More businesses rely heavily on outsourcing; therefore, American Companies should have some accountability for the health and safety to employees who manufacture their garments. For example, based on research, “international companies doing business in nations like Bangladesh and Pakistan have a moral responsibility to improve the working conditions and safety of the people who manufacture their clothing and other products” (Smith, 2013).
Actions and Responsibility
Thus, several actions the American businesses can propose, such as implementing and complying with worker rights, labor laws, and code of conduct as a prerequisite for future purchases. In addition, the United States companies should give funds to help with new reconstruction buildings. Furthermore, the American traders should stop all trade agreements in Bangladesh until validation of health and safety concerns and labor rights laws. Actually, one author points out that, “several United States Companies agreed to offer $42 million for the plan and an extra $100 million in loans to help factory owners in return for a promise of factories safety, labor unions, and include Worker Rights Consortium, Clean Clothes Campaign and International Labor rights Forum” (Kapner and Mauldin, 2013).
Items and Labels
Buyers are more aware of brands labels to make sure the apparel meet their desires. After thoroughly inspecting my wardrobe and shoes, three percent of my items are American-made. Manufacturers make products to meet consumers’ needs, and my buying decisions are actually determined by selecting great quality clothes at a reasonable price. The overseas workers who create different brand name attires are not my responsibility because after the exchange of g...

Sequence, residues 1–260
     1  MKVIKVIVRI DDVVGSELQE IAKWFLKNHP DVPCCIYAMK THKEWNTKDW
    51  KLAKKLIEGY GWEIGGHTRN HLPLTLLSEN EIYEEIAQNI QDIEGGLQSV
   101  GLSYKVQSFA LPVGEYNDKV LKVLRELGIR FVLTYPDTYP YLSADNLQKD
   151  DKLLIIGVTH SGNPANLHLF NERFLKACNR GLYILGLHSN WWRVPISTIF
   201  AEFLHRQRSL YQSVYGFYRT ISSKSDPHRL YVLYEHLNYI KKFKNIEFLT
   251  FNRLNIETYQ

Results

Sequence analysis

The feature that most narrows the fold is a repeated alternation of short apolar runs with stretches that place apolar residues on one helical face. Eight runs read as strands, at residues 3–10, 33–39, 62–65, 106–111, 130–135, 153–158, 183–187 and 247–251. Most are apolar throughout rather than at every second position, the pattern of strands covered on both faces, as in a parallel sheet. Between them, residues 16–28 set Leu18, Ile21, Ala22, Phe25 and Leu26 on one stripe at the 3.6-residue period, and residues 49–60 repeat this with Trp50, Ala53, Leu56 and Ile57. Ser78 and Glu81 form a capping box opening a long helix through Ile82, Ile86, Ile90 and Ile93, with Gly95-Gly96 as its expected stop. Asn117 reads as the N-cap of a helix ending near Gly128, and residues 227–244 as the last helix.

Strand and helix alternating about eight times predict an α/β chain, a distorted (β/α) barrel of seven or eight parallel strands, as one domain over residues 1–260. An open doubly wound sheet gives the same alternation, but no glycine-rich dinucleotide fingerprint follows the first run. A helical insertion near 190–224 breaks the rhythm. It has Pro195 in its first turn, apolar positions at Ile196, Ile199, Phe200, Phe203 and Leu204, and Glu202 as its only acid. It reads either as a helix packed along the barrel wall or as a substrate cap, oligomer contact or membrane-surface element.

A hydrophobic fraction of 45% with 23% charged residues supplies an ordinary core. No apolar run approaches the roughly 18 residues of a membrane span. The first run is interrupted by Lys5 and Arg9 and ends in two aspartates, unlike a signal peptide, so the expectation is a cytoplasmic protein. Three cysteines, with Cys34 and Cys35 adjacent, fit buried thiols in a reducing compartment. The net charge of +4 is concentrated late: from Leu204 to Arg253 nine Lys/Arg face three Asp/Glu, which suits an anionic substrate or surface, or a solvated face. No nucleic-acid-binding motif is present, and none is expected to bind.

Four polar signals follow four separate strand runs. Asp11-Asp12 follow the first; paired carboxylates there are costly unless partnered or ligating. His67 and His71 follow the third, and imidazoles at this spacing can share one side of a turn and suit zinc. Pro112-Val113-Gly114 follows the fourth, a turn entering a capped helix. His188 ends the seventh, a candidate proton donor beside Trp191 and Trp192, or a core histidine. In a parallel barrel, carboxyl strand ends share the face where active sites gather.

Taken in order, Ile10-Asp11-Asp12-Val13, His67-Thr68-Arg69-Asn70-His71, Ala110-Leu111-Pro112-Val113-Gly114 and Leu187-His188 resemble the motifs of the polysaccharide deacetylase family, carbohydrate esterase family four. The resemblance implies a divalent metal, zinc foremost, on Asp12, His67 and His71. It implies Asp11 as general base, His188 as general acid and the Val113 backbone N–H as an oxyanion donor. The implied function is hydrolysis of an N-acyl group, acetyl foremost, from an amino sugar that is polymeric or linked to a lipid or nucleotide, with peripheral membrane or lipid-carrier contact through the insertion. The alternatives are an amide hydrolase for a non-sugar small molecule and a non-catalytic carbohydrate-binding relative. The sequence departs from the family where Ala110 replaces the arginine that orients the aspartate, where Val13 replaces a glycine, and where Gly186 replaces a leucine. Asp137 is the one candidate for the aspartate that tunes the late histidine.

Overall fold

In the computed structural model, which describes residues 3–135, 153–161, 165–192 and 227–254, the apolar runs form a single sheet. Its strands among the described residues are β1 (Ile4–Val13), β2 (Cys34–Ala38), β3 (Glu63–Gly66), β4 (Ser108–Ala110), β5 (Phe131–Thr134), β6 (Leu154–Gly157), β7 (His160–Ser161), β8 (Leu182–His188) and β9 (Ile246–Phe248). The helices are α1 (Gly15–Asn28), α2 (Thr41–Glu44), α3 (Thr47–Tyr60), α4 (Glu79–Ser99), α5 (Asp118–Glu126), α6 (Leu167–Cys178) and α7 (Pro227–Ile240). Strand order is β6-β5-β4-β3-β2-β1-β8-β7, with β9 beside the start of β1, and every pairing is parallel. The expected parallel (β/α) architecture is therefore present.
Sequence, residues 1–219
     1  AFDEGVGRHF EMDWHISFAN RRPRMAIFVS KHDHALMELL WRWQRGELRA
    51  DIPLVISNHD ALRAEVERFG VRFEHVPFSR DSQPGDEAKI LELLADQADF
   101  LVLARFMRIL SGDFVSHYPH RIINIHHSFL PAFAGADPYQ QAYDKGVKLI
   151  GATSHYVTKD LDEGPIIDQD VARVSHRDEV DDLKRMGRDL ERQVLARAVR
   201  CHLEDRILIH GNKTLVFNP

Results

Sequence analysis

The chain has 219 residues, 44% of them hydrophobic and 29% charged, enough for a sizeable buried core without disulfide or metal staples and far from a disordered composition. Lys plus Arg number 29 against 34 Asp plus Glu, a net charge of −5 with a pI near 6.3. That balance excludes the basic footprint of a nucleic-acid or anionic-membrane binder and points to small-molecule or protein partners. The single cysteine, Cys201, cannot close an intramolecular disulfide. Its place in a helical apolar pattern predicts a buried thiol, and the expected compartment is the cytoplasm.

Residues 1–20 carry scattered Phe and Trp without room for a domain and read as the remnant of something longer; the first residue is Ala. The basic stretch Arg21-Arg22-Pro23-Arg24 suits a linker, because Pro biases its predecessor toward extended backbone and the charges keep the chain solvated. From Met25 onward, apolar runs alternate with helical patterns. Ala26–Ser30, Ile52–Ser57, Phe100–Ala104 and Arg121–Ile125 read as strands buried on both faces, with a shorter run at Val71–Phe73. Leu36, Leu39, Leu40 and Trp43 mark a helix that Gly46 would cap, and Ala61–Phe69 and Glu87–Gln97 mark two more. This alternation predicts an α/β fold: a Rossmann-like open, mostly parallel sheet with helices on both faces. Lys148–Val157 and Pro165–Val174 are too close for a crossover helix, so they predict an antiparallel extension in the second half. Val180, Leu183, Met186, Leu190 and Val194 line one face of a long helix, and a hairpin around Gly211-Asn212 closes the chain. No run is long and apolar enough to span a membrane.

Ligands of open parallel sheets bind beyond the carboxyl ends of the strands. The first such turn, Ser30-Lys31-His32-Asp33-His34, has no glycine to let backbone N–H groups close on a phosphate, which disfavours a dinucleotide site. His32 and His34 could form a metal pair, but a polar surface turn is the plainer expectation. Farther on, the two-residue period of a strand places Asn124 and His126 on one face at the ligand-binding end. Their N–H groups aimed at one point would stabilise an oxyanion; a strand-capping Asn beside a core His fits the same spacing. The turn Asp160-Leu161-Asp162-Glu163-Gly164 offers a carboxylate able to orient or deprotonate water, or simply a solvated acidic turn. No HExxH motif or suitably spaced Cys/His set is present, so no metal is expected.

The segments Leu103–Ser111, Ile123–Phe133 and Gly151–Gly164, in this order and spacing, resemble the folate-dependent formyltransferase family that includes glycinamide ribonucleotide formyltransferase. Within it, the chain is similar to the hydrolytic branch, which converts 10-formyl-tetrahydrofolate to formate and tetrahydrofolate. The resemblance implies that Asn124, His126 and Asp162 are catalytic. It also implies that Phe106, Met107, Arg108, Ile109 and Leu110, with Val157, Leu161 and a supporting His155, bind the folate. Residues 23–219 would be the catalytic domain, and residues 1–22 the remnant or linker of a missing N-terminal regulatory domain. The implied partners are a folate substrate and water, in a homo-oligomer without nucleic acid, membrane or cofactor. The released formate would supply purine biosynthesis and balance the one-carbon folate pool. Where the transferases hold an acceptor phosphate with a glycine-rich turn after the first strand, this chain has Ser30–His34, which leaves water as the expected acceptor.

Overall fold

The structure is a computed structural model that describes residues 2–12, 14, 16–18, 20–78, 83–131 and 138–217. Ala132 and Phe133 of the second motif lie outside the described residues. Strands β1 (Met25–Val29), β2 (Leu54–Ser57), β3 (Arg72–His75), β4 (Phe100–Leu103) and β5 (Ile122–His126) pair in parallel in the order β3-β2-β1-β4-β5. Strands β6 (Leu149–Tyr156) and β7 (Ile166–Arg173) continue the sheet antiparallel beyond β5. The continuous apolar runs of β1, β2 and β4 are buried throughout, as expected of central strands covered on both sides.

... middle of paper ...
...Wal-Mart and Other U. S. Retailers Commit to Factory
Safety in Bangladesh. The Wall Street Journal: Retrieved February 24, 2013 from http://online.wsj.com/news/articles/SB10001424127887323740804578597600220490718
OECD. (2009). Trading Out of Poverty: How Aid for Trade Can Help. Retrieved February 27,
2014 from http://www.oecd.org/dac/aft/43242586.pdf
Riley, G. (2012). Economic Growth. Tutor2u: Retrieved February 26, 2014 from
Smith, S. (2013). Bangladesh: Is Worker Safety Failing in the Global Supply Chain? EHS
Today: Retrieved February 24, 2014 from http://ehstoday.com/safety/bangladesh-worker-safety-failing-global-supply-chain
Thomson, L. (2003). Economic Growth and Rising Living Standards. Retrieved February 27,
2014 from http://www.tulane.edu/~woakland/econ102/lectures/lec8&9out.pdf
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